► Full Reference: Frison-Roche, M.A., Assessment of whistleblowing and the obligation of vigilance with regard to international competitiveness, in Frison-Roche, M.-A. (ed.), Compliance Monumental Goals, series "Compliance & Regulation", Journal of Regulation & Compliance (JoRC) et Bruylant, to be published.
► Article Summary: Taking up the legal tools of Compliance and confronting them with the concern that Law must have for the Competitiveness of companies, it is necessary that these legal instruments not harm it because Compliance Law, because of its immense ambitions, can only function through an alliance between political wills with great pretensions (save the planet) and the entities which are able to achieve these goals (the crucial economic operators : the political drawing on the compagnies" power, it would be contradictory for the legal instruments put in place by Law to harm the ability of companies to face global economic competition, or worse to favor international competitors acting under legal systems which do not integrate Compliance obligations.
From this principle, it is possible to assess these two legal techniques of whistleblowing and vigilance obligation: both consist in capturing Information, which gives them a strong uniqueness and fits them into the global competition for Information.
Taking the whistleblowing, its first beneficiary is the company itself since the firm discovers a weakness and can therefore remedy it. Therefore, beyond the principle of protection of the whistleblower by their access to the legal statute, for instance the one conceived by the French 2016 law known as "Sapin 2", it is questionable that all the incentives are not put in place so that the holder of such information transmits it to the manager. It is not the European solution, even after the European Directive of 2019, national legal systems continuing to require the absence of financial compensation, the "heroic figure of the whistleblower and the refusal of their remuneration depriving the company of Information and improvement. First to the manager, with external transmission taking place if the latter does nothing, the internal manager is thus encouraged to act and put an end to the dysfunction, which increases the competitiveness of the company.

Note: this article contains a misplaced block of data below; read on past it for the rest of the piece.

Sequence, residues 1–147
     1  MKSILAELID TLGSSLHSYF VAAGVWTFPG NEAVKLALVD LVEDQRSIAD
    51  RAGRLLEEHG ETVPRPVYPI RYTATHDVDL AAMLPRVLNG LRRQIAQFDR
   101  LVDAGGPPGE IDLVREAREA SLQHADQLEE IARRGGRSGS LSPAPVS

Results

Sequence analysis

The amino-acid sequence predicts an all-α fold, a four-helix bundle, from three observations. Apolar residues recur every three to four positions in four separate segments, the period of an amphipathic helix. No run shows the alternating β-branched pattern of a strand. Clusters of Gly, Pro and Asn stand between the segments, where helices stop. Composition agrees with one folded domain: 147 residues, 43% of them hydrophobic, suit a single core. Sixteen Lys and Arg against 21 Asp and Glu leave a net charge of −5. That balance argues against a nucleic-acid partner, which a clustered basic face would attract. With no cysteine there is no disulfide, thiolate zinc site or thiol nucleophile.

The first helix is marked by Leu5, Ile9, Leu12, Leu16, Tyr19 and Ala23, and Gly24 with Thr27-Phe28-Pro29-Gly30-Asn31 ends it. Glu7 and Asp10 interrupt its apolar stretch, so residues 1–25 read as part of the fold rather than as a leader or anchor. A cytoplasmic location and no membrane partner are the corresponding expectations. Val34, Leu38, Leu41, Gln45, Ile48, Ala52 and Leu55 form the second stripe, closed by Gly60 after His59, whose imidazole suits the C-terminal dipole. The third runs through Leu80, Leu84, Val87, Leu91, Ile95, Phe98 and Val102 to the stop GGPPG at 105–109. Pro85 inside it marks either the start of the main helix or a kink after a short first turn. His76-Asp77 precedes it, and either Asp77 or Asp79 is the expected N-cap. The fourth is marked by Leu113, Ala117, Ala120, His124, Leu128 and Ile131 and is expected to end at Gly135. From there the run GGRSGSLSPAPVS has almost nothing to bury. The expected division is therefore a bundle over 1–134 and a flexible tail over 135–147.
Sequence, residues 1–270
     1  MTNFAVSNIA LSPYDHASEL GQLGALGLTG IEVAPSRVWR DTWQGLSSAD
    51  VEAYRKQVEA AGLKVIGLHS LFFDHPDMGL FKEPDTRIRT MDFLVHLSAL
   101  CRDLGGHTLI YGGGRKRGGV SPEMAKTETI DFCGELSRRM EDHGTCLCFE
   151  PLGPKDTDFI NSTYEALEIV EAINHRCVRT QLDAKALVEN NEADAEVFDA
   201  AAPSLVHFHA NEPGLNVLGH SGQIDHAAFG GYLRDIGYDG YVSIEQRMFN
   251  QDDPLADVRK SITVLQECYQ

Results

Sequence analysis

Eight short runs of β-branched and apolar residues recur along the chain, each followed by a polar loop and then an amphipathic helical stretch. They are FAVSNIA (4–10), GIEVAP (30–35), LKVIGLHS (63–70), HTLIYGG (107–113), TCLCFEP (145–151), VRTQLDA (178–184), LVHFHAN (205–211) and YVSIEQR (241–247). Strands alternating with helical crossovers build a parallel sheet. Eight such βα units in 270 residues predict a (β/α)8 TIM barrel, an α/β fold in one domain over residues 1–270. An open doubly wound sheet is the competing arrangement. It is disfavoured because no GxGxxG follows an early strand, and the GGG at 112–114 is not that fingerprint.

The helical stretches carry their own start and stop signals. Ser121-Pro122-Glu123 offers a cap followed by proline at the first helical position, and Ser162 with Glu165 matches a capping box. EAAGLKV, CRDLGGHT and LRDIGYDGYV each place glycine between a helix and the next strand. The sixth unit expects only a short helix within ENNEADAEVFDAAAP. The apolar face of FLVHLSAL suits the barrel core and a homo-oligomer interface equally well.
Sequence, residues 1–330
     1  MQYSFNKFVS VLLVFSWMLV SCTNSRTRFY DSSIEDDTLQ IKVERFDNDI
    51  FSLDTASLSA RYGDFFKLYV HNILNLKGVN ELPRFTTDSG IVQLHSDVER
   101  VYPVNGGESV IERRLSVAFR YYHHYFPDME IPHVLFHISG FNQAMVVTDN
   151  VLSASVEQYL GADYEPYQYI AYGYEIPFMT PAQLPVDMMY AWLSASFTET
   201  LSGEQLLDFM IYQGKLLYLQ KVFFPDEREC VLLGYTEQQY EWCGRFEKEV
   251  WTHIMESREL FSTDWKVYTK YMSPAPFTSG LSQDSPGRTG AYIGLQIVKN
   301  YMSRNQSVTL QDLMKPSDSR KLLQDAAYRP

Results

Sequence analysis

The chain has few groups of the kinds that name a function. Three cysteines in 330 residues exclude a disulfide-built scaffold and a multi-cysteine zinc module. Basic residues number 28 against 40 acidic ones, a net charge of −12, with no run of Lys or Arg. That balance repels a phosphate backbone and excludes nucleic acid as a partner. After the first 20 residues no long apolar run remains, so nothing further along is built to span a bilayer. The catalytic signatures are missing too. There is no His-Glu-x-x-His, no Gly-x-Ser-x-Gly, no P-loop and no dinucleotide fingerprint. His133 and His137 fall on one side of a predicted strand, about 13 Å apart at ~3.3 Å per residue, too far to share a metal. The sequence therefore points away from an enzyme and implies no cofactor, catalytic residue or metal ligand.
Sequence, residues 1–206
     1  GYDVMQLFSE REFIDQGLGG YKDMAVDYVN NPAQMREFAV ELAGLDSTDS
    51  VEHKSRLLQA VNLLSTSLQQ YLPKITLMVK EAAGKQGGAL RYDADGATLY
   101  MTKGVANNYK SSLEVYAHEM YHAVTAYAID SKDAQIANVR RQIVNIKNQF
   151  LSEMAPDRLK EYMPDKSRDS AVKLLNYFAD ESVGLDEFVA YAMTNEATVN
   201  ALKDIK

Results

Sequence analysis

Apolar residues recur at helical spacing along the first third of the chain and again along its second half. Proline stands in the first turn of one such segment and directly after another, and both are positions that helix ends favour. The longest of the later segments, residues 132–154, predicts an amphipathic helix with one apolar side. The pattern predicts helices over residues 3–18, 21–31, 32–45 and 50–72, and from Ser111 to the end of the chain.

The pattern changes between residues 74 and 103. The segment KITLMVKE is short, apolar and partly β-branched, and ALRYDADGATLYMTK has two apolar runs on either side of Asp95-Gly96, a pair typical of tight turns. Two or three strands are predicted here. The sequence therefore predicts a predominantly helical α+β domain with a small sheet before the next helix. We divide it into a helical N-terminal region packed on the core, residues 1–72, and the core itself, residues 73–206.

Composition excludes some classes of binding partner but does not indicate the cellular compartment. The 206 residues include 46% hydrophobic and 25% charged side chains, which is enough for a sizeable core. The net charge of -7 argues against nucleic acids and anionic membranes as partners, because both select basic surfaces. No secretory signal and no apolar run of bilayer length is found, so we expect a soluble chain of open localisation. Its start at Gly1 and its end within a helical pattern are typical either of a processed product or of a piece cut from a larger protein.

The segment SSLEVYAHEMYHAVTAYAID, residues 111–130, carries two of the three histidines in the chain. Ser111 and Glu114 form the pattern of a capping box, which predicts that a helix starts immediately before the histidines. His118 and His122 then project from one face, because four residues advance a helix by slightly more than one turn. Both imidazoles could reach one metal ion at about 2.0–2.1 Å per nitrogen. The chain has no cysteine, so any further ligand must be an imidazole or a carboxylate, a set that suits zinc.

But the French legislation has on the contrary developed the right incentive as to the person to whom the information is transmitted because by obliging to transmit first to the manager, the external transmission intervening if the internal management does nothing, the incentive is thus made to the internal manager to act and put an end to the dysfunction, this legal solution increasing the competitiveness of the company.
Even more, and even if it seems counter-intuitive, the obligation of vigilance increases the competitiveness of the obliged companies. Indeed, Law by obliging them to prevent and fight against violations of human rights and the environment has tacitly given them all the necessary powers to do so, notably the power to collect Information on third-party companies, including (and even above all) those which are not subject to transparency obligations. In this respect, companies, as far as they are personally responsible, hold supervisory power over others, a power which allows to globalize Compliance Law and which, in the process, increases the Companies' own power. Therefore, the obligation of vigilance is in many respects a boon for the companies which are subject to it. The resumption of the mechanism by the next European Directive, itself indifferent to the territory, will only strengthen this global power of vigilant companies over possibly foreign companies which become its passive subjects.
► read the presentations of the other Marie-Anne Frison-Roche's contributions in this book: